Older Workers Have Highest Long-Term Unemployment
NELP Urges Congress to Prevent Age Discrimination in Hiring and Help Older Workers Reenter Workforce
Washington, DC – Unemployed workers over the age of 50 continue to face extreme challenges in the labor market, the National Employment Law Project (NELP) told the U.S. Senate Special Committee on Aging today.
In Congressional testimony, NELP Executive Director Christine Owens explained that older workers are disproportionately represented in the ranks of the long-term unemployed – in 2011, more than half of older jobless workers were out of work for at least six months (54.3%), and those high rates have continued into 2012. The trends stem from a range of factors including age discrimination, employers refusing to consider unemployed workers, and industry shifts that require older workers to realign their skills to today’s labor market.
The testimony came as part of the hearing, “Missed by the Recovery: Solving the Long-Term Unemployment Crisis for Older Workers.”
“The prospects are dim for older workers who lose their jobs,” said Christine Owens, Executive Director of the National Employment Law Project. “They have the highest rates of long-term unemployment of any age group. They face pointed discrimination when they go looking for work, and they are especially vulnerable to financial instability. Congress needs to take extra steps to address the difficulties that some of the most seasoned members of the workforce are experiencing.”
In the first quarter of 2012, just over half of jobless workers ages 50 and older (50.7%) were long-term unemployed. Approximately four in ten, or 39.4 percent, had been out of work for at least one year. As the testimony documents, prolonged periods of unemployment can have a severe impact on older workers’ retirement prospects and later-life wellbeing.
The NELP testimony highlights the Fair Employment Opportunity Act of 2011 and the Protecting Older Workers Against Discrimination Act as two ways Congress can intervene, prevent and remedy much of the discrimination and challenges older workers experience.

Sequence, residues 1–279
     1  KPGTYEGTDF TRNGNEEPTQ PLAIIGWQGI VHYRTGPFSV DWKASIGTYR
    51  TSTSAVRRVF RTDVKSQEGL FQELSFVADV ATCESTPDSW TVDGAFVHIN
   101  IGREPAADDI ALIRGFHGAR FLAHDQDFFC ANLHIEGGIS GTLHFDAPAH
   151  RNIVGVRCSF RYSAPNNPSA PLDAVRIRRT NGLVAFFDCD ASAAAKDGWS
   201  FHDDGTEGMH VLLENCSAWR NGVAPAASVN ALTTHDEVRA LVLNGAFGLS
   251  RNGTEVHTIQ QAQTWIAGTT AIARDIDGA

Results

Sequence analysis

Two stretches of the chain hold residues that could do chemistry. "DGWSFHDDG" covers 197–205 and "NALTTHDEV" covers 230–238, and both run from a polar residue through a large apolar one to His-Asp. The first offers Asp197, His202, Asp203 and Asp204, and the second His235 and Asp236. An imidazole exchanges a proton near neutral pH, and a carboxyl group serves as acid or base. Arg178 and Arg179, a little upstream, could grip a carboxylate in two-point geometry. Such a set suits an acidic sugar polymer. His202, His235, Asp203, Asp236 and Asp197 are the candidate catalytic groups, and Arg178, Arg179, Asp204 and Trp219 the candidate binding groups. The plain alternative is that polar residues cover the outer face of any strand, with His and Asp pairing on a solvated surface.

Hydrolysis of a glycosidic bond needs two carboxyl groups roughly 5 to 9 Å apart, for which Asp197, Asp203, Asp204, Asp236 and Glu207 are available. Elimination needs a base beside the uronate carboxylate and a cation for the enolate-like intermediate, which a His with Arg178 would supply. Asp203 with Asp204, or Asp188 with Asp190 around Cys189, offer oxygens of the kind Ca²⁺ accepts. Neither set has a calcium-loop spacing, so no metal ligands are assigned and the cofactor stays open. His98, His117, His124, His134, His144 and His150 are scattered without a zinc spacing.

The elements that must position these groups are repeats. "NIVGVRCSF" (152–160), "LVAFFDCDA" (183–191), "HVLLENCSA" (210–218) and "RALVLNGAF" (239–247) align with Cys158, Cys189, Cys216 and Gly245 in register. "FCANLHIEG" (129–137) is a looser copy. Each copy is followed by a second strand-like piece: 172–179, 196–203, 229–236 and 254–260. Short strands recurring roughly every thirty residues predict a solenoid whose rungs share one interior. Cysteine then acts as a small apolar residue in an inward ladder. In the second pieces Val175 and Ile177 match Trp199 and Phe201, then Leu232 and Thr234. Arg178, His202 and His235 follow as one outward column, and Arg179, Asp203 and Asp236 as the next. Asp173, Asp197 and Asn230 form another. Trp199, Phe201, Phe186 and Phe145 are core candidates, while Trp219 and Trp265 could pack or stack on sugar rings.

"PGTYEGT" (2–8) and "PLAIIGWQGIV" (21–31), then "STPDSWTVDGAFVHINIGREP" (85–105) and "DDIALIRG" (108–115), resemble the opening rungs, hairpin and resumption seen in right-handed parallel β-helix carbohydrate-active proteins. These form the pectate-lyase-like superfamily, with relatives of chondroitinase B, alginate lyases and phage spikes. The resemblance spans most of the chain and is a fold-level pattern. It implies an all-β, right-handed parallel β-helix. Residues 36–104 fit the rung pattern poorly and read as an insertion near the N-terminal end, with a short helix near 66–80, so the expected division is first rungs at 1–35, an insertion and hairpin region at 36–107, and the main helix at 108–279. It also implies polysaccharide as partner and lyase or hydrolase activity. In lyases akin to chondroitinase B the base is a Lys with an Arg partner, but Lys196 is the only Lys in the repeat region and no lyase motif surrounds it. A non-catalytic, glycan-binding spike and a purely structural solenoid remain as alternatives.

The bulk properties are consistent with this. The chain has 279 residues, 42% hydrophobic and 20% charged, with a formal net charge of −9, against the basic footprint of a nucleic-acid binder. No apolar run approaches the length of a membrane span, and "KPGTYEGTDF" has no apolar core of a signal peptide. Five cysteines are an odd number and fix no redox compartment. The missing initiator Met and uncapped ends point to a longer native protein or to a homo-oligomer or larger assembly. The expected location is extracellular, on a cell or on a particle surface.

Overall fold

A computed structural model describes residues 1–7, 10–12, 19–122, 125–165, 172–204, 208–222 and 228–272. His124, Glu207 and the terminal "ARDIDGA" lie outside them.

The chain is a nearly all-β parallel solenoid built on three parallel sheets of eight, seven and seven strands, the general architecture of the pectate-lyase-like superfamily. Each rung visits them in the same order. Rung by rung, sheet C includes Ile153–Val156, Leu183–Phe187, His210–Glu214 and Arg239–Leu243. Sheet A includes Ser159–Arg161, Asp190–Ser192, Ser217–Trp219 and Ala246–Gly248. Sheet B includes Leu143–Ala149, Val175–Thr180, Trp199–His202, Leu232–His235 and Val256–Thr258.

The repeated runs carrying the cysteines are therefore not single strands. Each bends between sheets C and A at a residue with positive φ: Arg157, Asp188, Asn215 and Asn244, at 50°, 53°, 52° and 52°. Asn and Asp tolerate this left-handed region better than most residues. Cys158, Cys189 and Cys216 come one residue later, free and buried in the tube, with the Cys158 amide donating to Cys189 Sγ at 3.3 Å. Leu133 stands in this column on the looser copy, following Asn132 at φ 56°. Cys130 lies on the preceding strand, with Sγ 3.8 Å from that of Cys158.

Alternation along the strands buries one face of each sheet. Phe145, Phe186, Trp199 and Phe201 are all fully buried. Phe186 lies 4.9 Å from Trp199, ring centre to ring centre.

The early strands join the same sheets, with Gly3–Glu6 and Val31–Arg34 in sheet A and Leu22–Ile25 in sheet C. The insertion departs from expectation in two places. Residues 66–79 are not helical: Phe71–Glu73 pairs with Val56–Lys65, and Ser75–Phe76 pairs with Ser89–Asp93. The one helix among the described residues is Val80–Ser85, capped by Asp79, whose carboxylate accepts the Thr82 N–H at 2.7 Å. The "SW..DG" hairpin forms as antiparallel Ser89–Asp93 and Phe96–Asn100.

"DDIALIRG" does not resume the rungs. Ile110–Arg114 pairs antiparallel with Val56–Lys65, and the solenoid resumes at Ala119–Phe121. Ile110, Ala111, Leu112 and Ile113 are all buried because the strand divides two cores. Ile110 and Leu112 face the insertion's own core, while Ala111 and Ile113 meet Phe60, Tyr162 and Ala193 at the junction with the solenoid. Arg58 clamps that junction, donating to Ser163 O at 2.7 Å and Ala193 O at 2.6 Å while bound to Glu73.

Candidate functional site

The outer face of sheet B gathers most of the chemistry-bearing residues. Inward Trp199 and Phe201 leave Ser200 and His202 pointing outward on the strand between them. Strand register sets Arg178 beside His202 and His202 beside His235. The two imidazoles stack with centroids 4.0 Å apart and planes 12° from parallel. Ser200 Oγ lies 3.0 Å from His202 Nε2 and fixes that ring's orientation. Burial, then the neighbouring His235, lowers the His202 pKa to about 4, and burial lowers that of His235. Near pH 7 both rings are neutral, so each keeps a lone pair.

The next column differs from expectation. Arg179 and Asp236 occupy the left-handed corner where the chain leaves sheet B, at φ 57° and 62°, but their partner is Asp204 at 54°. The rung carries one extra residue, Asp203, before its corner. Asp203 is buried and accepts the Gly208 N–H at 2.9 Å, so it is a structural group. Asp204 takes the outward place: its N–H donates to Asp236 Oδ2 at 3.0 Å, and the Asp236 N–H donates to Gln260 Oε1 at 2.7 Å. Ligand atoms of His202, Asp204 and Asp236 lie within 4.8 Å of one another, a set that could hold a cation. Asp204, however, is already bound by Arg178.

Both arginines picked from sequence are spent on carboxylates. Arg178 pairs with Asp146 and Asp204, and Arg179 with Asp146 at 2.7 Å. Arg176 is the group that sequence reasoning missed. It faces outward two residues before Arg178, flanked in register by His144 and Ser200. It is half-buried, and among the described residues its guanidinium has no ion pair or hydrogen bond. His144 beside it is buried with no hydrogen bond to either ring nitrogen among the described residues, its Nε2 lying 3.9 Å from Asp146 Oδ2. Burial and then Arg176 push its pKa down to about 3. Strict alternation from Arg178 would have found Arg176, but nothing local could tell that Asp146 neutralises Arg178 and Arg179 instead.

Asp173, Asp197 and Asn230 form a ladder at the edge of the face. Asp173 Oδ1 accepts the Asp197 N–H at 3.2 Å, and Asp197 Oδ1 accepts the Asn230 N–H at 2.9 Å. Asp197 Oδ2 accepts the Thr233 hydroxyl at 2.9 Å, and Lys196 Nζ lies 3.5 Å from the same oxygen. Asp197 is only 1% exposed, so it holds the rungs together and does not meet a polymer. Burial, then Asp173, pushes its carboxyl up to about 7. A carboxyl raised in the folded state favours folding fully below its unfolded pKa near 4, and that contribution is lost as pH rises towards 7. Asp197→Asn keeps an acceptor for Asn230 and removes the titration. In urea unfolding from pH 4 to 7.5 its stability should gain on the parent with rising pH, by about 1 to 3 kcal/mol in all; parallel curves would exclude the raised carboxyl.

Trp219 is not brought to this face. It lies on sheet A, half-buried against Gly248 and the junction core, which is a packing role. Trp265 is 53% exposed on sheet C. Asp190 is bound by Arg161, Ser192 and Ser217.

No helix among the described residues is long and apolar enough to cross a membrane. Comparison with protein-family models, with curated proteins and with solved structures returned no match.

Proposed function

The Fair Employment Opportunity Act of 2011 (FEOA), pending in both houses of Congress and introduced in the Senate by Aging Committee Member Senator Blumenthal, would preclude employers and job recruiters from excluding the unemployed from job consideration simply because of their unemployment status. Because long-term unemployed workers are disproportionately older, older workers are more likely to be affected by exclusionary hiring practices based on employment status.
The Protecting Older Workers Against Discrimination Act (POWADA) was introduced in March by Senators Harkin and Grassley, with Senator Leahy as a co-sponsor, to preserve the rights of older job applicants and employees who are turned down for jobs or treated differently at work in part due to their age. The bill expressly repudiates the Supreme Court’s ruling in Gross v. FBL Financial, in which a five-to-four majority held that plaintiffs in age discrimination employment cases must prove not only that unlawful age considerations were a factor in an employer’s action, but that age discrimination was the deciding factor in the decision. Among other things, the bill states that courts may not require workers to prove that age discrimination was the deciding factor, but merely a motivating factor, when turned down for a job.
Finally, the NELP testimony also calls for workforce development and work-sharing programs to address the special training needs of older unemployed workers and reduce layoffs now and in the future.
“The severity and impact of long-term unemployment among older workers calls for clear and immediate action on policies that address barriers these workers face in the labor market,” stated Owens.
“Congress should take note of the numerous states considering legislation to ban hiring discrimination against the unemployed, and immediately pass the federal version. Addressing long-term unemployment among older workers also requires targeted reemployment strategies, such as job training and subsidized employment programs. Without measures like these, the harsh effects of the Great Recession will continue to impact older workers for years to come.”
The National Employment Law Project is a non-partisan, not-for-profit organization that conducts research and advocates on issues affecting low-wage and unemployed workers. For more about NELP, visit www.nelp.org.